By Doug Farrar
December 02, 2013

Geno Smith feels the weight of his benching in Sunday's loss to the Dolphins. Geno Smith feels the weight of his benching in Sunday's loss to the Dolphins. (Bill Kostroun/AP)

It's not entirely fair to blast his performance alone when saying this, but New York Jets rookie quarterback Geno Smith has suffered through one of the more brutal months that any NFL signal-caller has ever had. Smith hasn't thrown a touchdown pass since Oct. 20, but he has thrown eight picks since Oct. 27. Smith has completed just 49-of-104 passes in that time, averaged 5.1 yards per attempt, and hasn't had a passer rating over 72.0 since his one great game against the Atlanta Falcons on Oct. 7.

When Smith looked completely overwhelmed against the Miami Dolphins on Sunday -- completing 4-of-10 passes for 29 yards and yet another interception -- he was benched in favor of Matt Simms for the second half. It was 364 days after former starter Mark Sanchez was benched in favor of backup Greg McElroy, which is a fairly decent indicator of just how odd the franchise's quarterback situation has been during Rex Ryan's tenure.

"You can’t expect that," Smith said after the Jets' 23-3 loss. "That’s a decision that’s made by the coaches. Obviously, you want to be out there. I always want to be out there with my teammates and always want to be out there fighting. The decision was made and my next move was to now be supportive of my teammates and be supportive of Matt and I tried my best to do that in that moment. Just support Matt, support all the guys on the offense and try to lead from the sideline."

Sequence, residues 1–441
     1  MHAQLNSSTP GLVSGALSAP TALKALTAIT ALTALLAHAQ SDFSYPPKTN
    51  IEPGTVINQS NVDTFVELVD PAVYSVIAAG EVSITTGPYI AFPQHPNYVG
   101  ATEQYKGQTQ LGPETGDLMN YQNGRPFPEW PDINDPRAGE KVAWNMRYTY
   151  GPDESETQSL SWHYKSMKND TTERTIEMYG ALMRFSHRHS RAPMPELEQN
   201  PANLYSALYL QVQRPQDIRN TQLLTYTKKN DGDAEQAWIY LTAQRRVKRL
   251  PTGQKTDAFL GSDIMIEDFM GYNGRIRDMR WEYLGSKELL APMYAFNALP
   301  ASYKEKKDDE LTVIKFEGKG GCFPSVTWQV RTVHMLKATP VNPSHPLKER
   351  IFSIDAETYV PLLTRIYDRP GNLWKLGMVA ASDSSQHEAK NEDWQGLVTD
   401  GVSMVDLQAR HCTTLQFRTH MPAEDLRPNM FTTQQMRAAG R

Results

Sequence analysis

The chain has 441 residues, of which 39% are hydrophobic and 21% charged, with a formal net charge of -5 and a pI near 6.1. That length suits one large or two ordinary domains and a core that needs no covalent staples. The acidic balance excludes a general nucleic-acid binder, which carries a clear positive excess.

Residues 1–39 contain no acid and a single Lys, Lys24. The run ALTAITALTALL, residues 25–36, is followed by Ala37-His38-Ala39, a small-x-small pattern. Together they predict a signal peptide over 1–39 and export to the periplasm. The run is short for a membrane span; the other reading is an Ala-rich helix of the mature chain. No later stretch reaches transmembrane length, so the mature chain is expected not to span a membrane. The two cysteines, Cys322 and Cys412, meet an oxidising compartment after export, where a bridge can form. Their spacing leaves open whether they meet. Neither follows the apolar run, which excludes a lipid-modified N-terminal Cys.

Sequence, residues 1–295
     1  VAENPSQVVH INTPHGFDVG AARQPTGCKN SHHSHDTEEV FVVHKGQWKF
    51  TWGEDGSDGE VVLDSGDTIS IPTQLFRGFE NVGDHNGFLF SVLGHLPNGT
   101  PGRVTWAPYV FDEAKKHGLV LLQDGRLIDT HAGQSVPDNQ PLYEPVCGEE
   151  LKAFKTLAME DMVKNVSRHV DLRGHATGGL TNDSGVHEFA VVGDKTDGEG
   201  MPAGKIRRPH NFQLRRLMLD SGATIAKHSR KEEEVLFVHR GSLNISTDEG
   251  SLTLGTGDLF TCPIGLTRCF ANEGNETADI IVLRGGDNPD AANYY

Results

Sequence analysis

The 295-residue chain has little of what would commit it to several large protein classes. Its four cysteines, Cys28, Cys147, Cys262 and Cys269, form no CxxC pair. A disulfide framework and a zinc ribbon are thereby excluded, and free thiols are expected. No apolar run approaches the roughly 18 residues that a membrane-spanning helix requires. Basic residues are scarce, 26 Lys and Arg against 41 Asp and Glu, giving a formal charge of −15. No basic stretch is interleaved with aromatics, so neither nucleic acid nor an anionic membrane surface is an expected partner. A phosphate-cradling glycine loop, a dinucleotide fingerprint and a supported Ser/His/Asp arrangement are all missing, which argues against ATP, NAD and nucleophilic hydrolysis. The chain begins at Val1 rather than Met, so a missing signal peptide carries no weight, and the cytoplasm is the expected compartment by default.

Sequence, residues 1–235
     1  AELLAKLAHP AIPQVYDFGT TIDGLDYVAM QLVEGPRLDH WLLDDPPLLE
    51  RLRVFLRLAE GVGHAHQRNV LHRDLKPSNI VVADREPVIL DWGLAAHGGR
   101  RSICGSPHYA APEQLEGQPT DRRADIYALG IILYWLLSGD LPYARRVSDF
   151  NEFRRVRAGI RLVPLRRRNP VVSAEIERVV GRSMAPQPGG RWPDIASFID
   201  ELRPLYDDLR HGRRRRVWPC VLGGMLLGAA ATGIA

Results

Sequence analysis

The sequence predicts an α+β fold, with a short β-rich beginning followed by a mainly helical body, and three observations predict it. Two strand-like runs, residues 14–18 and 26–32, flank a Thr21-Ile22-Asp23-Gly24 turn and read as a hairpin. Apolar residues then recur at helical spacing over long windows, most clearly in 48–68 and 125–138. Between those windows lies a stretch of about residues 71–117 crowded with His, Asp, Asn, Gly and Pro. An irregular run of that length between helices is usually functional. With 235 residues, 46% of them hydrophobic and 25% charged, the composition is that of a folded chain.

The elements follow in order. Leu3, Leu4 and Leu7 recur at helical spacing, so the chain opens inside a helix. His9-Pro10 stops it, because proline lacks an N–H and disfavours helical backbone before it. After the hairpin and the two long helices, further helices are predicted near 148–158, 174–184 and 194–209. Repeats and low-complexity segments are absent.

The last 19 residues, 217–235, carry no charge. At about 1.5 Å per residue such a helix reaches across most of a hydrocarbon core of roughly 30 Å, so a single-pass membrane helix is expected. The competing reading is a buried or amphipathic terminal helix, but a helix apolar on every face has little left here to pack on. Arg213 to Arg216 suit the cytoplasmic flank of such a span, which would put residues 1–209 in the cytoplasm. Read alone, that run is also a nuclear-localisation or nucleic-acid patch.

The Jets, however, will stick with Smith as a starter in the short term, according to the quarterback.

"If it was a tactic to wake me up or get me going, it definitely worked," Smith said Monday.

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Get going with what, is the question. It's fairly clear that Smith has some developing to do as an NFL quarterback -- he was highly prolific at West Virginia, but the level of defensive complexity at the next level has forced Smith to over-think his process, and the frequent result is that he takes too long to get rid of the ball, and often makes the wrong decisions when he doesn't. Primary receiver Santonio Holmes has been dealing with injuries all season, the offensive line has turned from strength to weakness, and though the team's front seven is still one of the NFL's best, Ryan's secondary puts Smith in positions where he has to play catch-up.

That's not to deflect blame entirely away from Smith, but he came into a situation that was an uphill battle for any quarterback, and he didn't have the tools to accelerate past the obstacles.

Ryan, who's always been a defensive genius, sounds no more sure of how to solve the problem now than he did when Sanchez dissolved as a credible player over a number of years.

"We’re going to evaluate. We’ll take a look at the tape and evaluate it at the appropriate time. ... It’s safe to say that we’ll put the guys in who we think give us the best chance to be successful. That’s the way it always is and will be moving forward."

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